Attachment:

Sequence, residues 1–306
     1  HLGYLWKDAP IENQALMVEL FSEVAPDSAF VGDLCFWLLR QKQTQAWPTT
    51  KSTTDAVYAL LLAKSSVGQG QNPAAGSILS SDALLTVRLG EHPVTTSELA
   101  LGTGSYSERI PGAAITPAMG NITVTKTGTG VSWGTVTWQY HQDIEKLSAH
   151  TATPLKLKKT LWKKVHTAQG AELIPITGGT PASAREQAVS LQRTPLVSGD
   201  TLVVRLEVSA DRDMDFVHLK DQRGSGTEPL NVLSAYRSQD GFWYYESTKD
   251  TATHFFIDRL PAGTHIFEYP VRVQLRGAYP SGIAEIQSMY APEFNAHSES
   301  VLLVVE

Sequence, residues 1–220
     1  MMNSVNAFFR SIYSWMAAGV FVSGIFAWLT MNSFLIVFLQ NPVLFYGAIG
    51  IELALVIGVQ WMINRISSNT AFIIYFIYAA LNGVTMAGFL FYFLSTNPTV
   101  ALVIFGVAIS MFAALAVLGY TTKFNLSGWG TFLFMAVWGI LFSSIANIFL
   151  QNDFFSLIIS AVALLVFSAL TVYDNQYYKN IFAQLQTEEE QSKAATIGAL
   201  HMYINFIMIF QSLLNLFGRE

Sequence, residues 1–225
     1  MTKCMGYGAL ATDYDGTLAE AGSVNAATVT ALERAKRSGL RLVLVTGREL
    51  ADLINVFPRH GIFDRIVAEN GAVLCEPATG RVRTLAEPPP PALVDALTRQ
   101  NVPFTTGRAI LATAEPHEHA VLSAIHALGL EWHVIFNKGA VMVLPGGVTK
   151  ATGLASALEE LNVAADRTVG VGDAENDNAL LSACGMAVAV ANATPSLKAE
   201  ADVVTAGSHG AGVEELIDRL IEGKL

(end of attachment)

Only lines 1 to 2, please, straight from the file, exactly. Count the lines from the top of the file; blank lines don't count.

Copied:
Sequence, residues 1–306
     1  HLGYLWKDAP IENQALMVEL FSEVAPDSAF VGDLCFWLLR QKQTQAWPTT